The statute does not indicate, as the Secretary asserts, that food stamps will only be provided if benefits are received during the month for which they are intended. I agree with West that the most natural reading of the statute is that food stamp applicants are entitled to treatment as "disabled" persons in all months for which they receive disability or blindness benefits from SSA, whether those benefits are paid currently or retroactively.

While West makes a compelling argument based on rules of statutory construction that the word "receives" is unambiguous, I will defer to my colleagues on the panel, whose view that the word is ambiguous is perhaps the strongest evidence that it is so.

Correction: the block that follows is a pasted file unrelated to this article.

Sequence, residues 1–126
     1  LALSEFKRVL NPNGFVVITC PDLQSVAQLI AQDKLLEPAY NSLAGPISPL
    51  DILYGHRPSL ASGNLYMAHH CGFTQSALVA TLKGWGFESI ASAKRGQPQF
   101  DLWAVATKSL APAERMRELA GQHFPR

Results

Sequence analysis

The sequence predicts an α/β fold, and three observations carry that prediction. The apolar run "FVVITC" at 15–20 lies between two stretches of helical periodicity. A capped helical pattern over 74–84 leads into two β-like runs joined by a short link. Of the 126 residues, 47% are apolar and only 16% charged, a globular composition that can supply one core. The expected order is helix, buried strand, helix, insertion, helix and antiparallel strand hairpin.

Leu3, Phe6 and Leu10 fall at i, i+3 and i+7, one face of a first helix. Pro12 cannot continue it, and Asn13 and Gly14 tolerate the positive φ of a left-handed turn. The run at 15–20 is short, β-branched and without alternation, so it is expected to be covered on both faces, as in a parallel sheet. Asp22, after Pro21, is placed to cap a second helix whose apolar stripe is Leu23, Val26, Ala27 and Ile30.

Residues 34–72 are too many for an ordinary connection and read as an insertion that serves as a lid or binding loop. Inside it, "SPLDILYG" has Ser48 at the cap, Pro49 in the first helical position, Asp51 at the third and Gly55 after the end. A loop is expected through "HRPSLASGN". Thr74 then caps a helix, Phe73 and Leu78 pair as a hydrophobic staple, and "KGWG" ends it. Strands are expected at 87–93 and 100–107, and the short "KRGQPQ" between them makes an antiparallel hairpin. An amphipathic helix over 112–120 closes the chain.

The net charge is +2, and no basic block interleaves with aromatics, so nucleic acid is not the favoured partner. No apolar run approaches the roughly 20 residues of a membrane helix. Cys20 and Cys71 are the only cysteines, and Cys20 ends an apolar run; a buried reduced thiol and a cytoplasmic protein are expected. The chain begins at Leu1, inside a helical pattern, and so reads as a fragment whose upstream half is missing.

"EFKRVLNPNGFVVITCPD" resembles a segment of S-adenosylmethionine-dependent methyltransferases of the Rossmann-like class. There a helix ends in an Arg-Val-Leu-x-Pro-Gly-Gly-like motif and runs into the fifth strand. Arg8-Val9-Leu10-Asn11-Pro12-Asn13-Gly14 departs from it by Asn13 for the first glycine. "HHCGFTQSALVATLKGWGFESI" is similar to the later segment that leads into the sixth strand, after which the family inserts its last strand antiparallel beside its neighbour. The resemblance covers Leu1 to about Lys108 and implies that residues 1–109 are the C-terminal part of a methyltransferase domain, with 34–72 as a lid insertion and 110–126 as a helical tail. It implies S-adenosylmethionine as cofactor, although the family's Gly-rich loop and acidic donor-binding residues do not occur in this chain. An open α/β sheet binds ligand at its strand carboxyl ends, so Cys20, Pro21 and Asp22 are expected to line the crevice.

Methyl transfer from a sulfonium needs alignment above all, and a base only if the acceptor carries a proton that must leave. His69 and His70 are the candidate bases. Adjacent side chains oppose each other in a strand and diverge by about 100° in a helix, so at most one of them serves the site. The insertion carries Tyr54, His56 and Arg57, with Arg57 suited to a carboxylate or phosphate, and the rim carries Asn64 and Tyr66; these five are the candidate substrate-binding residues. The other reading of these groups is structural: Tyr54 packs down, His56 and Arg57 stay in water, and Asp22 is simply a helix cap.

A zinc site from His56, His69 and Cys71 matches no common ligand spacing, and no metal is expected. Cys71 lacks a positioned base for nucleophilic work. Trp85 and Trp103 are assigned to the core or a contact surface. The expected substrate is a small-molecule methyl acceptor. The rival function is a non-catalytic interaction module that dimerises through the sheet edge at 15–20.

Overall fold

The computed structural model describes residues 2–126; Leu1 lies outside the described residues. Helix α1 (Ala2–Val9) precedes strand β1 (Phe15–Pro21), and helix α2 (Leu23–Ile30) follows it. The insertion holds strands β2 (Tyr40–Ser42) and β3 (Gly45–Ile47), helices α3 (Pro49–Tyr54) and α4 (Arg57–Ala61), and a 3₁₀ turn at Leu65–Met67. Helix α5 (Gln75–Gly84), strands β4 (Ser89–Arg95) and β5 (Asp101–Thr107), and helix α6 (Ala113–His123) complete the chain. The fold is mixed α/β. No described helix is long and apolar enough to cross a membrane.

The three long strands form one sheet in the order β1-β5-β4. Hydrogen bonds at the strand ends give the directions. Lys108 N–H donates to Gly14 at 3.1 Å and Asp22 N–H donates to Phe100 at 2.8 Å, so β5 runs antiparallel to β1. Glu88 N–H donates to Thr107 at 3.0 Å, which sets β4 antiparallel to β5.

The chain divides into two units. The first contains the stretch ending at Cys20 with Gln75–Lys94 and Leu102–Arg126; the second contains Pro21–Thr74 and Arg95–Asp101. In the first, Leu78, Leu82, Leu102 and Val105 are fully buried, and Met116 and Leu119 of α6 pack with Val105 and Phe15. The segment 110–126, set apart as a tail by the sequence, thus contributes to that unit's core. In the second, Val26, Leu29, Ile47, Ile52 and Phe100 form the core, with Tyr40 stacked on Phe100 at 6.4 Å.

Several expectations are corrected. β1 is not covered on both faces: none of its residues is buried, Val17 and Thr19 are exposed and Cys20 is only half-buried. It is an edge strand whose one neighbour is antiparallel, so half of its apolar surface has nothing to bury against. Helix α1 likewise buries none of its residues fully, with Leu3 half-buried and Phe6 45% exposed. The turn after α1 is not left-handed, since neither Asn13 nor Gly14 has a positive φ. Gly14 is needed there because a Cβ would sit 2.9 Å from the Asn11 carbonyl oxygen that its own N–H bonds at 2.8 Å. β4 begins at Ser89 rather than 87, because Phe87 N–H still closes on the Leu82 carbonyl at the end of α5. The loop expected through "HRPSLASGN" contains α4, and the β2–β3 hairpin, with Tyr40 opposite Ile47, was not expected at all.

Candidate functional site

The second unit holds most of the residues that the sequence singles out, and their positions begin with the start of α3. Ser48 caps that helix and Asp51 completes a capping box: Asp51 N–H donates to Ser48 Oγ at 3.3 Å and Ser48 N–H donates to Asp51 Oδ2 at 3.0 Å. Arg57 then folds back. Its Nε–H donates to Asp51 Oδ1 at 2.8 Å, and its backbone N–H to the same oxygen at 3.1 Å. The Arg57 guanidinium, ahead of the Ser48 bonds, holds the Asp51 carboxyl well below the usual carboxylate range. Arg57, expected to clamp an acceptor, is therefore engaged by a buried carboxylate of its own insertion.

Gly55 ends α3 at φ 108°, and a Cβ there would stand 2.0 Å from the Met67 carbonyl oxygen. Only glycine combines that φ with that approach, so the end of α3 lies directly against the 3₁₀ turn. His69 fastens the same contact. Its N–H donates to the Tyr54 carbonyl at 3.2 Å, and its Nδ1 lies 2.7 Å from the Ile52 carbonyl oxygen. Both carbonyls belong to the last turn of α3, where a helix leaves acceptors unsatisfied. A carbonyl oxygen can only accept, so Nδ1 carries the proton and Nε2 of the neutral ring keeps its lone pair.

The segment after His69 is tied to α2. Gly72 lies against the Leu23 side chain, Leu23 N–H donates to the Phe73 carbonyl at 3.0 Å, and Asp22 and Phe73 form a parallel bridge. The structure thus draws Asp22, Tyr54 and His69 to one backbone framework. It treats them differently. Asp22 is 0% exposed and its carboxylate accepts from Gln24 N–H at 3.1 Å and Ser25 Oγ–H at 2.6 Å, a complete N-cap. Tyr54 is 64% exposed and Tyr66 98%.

It is well settled that in general an agency's interpretation of a statute it is charged with enforcing is entitled to substantial deference, Chevron U.S.A. Inc. v. Natural Resources Defense Council, 467 U.S. 837, 843-45, 81 L. Ed. 2d 694, 104 S. Ct. 2778(1984); EPA v. National Crushed Stone Assn., 449 U.S. 64, 83, 66 L. Ed. 2d 268, 101 S. Ct. 295(1980) (citing Udall v. Tallman, 380 U.S. 1, 16, 13 L. Ed. 2d 616, 85 S. Ct. 792(1965)), and must in general be upheld even if that interpretation is not the only permissible one or even the most reasonable Grocery Town Market. Inc. v. United States, 848 F.2d 392, 396 (3d Cir. 1988). There are, however, exceptions to this general rule.